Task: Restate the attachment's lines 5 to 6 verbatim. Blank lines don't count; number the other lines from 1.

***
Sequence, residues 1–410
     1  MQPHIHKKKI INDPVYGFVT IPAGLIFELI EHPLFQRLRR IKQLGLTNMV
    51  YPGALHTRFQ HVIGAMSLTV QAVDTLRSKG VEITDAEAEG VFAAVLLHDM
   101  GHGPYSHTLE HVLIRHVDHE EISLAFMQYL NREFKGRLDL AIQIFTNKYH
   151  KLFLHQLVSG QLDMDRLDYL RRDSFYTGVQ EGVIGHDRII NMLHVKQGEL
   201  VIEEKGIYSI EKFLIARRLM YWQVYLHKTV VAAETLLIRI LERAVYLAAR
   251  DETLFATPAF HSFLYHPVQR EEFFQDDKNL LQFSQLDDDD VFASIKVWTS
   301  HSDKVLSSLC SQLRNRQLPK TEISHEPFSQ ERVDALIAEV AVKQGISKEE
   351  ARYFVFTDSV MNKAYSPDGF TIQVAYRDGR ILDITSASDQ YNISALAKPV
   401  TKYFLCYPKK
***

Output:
   151  KLFLHQLVSG QLDMDRLDYL RRDSFYTGVQ EGVIGHDRII NMLHVKQGEL
   201  VIEEKGIYSI EKFLIARRLM YWQVYLHKTV VAAETLLIRI LERAVYLAAR